Korea Launches Fight Against Game & Net Addiction

In a bid to combat its estimated 2.0 million Internet and videogame addicts, South Korea will offer free software to the populace that would limit time spent online.

Under what’s termed a “consensual shut-down program,” users would be able to set the days and times that they would be able to access the Internet, reports the Korean Times. A second method of limiting screen time would involve a program dubbed Internet Fatigue, which is designed to “make gamers become bored as time goes by.”

The measures were issued by a special inter-ministry group setup to fight the overuse of the Web and games. The government is said to be focused on preventive actions and will launch educational programs expected to reach 10.0 million people, while 300,000 heavy Internet users will be able to receive counseling services. 10,000 jobs will be created as a result of the latter initiative.

The President of the Korea Computer Life Institute, Eo Gee-jun, believes that three out of every ten adults are addicted to games, versus 26.0 percent of teenagers.

Gee-jun added:

Addicted adult gamers outnumber their teenager counterparts because the former are no longer under control of their parents.

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  1. 0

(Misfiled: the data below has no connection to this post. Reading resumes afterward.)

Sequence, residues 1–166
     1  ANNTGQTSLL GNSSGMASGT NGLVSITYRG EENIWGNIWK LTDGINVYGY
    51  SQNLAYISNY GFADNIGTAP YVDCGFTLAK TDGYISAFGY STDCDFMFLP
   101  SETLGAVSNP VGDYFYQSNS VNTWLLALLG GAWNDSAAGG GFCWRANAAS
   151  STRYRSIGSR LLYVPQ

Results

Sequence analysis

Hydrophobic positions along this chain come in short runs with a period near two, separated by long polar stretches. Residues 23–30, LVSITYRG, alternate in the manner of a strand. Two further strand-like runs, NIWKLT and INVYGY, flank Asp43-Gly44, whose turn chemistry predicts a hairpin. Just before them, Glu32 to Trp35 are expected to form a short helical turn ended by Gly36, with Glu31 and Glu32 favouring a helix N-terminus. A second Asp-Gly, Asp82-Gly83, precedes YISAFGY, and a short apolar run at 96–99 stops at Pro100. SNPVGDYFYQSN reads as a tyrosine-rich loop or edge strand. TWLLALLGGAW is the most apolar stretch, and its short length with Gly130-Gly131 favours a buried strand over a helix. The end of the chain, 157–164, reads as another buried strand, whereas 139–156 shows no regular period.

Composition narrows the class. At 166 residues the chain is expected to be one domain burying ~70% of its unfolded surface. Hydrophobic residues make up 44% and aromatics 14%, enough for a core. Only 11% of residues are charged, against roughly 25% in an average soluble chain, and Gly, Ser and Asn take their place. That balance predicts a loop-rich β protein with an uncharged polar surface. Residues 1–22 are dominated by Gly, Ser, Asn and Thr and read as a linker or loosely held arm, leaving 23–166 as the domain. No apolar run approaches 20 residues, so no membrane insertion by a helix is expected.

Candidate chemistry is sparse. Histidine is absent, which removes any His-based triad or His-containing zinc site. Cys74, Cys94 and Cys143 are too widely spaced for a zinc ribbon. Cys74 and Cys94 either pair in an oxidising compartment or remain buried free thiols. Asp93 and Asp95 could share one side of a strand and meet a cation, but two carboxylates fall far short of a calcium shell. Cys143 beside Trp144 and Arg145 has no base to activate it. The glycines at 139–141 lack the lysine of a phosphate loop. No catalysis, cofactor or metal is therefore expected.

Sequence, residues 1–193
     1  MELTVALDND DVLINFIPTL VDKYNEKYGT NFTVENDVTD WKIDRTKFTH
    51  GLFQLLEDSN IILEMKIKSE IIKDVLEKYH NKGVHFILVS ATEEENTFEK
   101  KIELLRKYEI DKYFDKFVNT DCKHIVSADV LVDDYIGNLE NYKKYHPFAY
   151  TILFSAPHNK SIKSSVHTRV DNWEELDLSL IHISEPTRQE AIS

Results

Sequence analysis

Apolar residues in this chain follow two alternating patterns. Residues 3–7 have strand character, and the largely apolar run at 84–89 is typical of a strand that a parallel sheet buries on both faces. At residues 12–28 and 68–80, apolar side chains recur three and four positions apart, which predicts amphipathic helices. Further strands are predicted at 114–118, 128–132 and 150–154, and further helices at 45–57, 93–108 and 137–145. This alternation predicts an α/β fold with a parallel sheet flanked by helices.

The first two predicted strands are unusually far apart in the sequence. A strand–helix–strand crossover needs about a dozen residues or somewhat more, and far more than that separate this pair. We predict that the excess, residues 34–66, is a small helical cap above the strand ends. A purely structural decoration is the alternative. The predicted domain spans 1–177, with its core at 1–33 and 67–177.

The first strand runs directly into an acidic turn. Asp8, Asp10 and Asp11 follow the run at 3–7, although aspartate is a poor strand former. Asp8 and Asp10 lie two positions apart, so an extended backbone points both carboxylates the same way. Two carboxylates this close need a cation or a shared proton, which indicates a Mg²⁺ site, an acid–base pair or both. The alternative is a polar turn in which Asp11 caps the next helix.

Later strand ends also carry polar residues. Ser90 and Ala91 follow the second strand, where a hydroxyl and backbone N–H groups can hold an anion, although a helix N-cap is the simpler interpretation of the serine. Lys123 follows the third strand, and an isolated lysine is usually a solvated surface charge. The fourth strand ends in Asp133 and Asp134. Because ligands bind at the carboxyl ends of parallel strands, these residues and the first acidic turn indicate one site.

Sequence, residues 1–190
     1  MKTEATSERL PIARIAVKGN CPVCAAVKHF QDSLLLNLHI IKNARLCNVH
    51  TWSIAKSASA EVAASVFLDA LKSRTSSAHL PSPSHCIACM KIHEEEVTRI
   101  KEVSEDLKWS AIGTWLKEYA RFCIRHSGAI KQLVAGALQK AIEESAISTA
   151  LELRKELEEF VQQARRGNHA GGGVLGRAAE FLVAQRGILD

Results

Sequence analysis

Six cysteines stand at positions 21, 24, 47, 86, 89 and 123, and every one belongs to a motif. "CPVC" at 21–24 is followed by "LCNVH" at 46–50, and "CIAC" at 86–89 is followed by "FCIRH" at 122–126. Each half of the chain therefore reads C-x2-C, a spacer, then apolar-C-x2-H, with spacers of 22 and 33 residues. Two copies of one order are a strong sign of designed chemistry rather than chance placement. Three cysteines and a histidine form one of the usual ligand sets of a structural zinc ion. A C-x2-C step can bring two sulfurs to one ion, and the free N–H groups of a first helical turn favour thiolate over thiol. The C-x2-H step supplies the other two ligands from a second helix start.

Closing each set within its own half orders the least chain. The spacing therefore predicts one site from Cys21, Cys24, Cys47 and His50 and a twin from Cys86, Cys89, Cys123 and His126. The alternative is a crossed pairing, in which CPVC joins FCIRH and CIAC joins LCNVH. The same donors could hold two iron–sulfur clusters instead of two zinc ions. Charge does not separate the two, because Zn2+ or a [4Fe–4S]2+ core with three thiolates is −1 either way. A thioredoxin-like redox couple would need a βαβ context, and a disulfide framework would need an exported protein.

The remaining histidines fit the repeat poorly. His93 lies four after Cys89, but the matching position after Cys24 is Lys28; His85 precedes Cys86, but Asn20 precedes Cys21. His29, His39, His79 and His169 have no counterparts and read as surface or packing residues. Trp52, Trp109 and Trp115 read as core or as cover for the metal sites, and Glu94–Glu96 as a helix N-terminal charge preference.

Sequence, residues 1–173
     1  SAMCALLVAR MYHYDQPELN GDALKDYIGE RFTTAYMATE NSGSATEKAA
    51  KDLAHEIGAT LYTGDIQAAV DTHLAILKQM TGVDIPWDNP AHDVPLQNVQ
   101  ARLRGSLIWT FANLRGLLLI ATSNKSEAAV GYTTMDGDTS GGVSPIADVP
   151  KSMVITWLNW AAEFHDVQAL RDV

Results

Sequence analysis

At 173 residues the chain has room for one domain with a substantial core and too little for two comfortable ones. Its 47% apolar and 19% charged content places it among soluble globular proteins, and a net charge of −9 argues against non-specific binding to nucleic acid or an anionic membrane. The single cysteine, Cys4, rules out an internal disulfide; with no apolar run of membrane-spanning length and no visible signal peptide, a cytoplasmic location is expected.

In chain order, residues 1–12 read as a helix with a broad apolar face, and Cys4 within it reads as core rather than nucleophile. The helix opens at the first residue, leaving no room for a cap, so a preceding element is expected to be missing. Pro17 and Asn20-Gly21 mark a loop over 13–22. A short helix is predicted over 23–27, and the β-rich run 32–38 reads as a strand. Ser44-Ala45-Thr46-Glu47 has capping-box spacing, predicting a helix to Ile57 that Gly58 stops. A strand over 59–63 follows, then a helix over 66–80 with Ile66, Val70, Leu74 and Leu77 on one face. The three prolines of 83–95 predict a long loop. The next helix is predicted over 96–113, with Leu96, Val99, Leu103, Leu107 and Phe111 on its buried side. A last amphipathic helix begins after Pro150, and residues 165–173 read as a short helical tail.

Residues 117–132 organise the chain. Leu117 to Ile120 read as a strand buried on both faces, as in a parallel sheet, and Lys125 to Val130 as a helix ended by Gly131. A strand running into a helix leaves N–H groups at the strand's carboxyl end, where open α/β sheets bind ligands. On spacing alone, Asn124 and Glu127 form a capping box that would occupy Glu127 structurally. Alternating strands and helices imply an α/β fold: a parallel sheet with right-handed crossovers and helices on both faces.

SeanB says:

    The government will make available two types of software aimed at limiting bloggers’ hours online – a consensual shut-down program and Internet Fatigue, a program designed to make gamers become bored as time goes by. 

  2. 0
    Zalethon says:

    The article (both here and in the Korean Times) makes it sound like Internet Fatigue is software designed to help limit connectivity. I’m going to make a shot in the dark and guess that it slows down the connection as time goes on? (It literally ‘fatigues’ the internet, then)

    Anyway, addicts (I’m slightly addicted myself, albeit not to games as much as some of the social aspects of the internet) won’t give up if they’re bored. I can be around at midnight, (or later, but as an example) and no one else is online, and I have nothing to do, but I still don’t go to bed ’til 2, see.

    As they aren’t mandatory, I actually think this whole thing is a great idea…

    Edited for typo.

  3. 0
    sharpshooterbabe says:

    If someone gets a boring job and the company they work for doesn’t know about them getting on the net or doesn’t care or has to use the net for their job, then wouldn’t that person still get "Internet Fatigue"? Wouldn’t it get boring for that person(s)? I think it would be the same thing, but applied differently.



    "It’s better to be hated for who you are, then be loved for who you are not." – Montgomery Gentry

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